It’s difficult to project the long-term effects of the pandemic on transportation and our communities. While Las Vegas, NV, USA is a rather unique place, with its primary reliance on gaming and hospitality, there are trends and factors that may be relatable to other communities as we emerge from the pandemic.
Despite an unemployment rate well above the national average, the Las Vegas housing market is on fire. Inventory is low and prices continue to climb. According to a January 2021 article in Forbes, Zillow reports more than 60 percent of searches for Las Vegas homes come from outside the valley, and of those, about a third come from the southern California area. There are likely a number of reasons for the phenomenon, but one factor is the ability to telecommute. The Nevada tax environment is attractive to out-of-state workers—coupled with historically low mortgage rates, the buying ensues. This has a few impacts on transportation. The first is obvious—fewer work-related commutes due to a higher percentage of telecommuters. The second is related to inventory for locals. Should the trend continue, new inventory is constructed on the edge of town at greater volumes. These newer communities are longer distances from the Strip, the primary employment center, and have no transportation alternatives beyond the personal automobile. Thirdly, community members who have given up their commutes may be more desirous of transportation infrastructure that allows walking and iking to nearby amenities.
A Trip Advisor review in 2006 of the Red Rock National Conservation area listed two stars, and stated that traffic was awful. Visitor volume has since tripled. The pandemic exacerbated the issue. Parking lots were overflowing, and gate traffic queued onto the highway. When other recreation options were closed and many were stuck indoors, the ability recreate outside has proved enticing. However, this emphasized the fact that most areas are only accessible by car, with insufficient facilities, resulting in disturbances to natural areas as a result. Fortunately, a multi-use trail is planned for Red Rock in the near future, but other areas aren’t so fortunate.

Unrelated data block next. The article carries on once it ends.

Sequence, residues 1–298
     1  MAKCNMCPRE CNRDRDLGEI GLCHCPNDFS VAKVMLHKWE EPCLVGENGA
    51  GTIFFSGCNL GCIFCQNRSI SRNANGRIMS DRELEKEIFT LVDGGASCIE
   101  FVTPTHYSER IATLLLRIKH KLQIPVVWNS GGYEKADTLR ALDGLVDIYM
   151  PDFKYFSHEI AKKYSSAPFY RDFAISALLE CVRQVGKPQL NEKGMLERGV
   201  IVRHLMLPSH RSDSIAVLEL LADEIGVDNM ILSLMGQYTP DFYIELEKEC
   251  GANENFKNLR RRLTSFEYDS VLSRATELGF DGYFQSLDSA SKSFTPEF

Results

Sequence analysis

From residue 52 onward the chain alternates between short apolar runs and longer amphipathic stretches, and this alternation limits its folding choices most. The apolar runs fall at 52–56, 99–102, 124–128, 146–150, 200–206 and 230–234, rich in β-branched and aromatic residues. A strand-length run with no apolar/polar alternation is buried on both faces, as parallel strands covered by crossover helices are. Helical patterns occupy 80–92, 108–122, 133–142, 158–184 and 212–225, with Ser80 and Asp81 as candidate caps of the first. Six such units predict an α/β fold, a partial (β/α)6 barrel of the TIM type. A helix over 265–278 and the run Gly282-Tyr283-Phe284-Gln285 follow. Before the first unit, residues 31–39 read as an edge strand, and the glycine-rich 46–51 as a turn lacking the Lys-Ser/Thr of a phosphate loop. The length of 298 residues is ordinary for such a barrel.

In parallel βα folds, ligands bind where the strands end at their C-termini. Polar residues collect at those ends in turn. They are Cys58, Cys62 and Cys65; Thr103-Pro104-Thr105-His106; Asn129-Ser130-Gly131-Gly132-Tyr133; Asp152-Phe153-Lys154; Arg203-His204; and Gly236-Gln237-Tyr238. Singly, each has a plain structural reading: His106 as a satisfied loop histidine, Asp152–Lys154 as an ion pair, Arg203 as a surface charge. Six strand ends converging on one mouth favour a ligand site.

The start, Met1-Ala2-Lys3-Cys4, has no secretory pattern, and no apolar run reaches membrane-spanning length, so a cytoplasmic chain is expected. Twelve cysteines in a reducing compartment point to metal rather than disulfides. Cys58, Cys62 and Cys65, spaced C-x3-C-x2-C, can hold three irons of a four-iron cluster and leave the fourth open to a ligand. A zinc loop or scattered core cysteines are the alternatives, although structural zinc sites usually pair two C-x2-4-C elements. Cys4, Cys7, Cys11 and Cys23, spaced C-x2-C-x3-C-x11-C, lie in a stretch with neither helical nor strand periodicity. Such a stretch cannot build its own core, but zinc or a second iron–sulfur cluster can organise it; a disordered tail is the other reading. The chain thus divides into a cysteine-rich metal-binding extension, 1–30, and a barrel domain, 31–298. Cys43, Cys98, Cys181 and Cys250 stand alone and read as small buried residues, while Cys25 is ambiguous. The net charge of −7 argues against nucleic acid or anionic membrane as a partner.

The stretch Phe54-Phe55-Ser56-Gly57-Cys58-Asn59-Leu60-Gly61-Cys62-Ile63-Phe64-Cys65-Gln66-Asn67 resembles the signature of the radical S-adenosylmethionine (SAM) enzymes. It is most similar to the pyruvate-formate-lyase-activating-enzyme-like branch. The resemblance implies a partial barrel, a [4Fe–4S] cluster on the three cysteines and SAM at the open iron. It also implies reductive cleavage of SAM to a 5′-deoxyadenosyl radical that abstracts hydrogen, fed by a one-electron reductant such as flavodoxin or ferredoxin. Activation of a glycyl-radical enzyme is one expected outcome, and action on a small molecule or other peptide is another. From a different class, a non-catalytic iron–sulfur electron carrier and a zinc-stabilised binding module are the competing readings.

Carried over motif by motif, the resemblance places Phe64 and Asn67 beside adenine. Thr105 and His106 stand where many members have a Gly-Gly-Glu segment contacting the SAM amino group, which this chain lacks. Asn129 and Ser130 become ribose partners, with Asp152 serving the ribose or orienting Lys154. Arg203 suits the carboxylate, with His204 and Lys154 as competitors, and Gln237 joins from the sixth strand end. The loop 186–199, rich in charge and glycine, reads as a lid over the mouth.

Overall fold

Las Vegas is asking the same questions about conferences as ITE. An in-person event requires attendees willing to travel, employers willing to fund, and vendors and sponsors willing to showcase. In 2019, more than 6.6 million people attended conferences in Las Vegas. Interestingly, while convention attendance decreased by 74 percent during COVID, visitor volume was down about 55 percent, indicating that the desire to travel still exists. Additional statistics from the Las Vegas Visitors and Convention Authority show that while airport traffic was down 56.9 percent for the year, vehicle traffic was only down 16.2 percent. Backups continued on I-15 at the California border during busy weekends. Air travel may rebound at a slower rate, affecting taxis and ride-share companies as well as arterials throughout the resort corridor. The ability for tourism-based communities to recover will depend on vaccine distribution and trust in air travel. However, if anything is apparent by our smothering love of local outdoor spaces, people want to get away.
What phenomenon are you seeing in your communities as a result of the pandemic and how may they affect transportation? Find me on the ITE e-Community or on Twitter: @a2reyrod, and let me know.
This is reprinted from the ITE President's Message from the April issue of ITE Journal.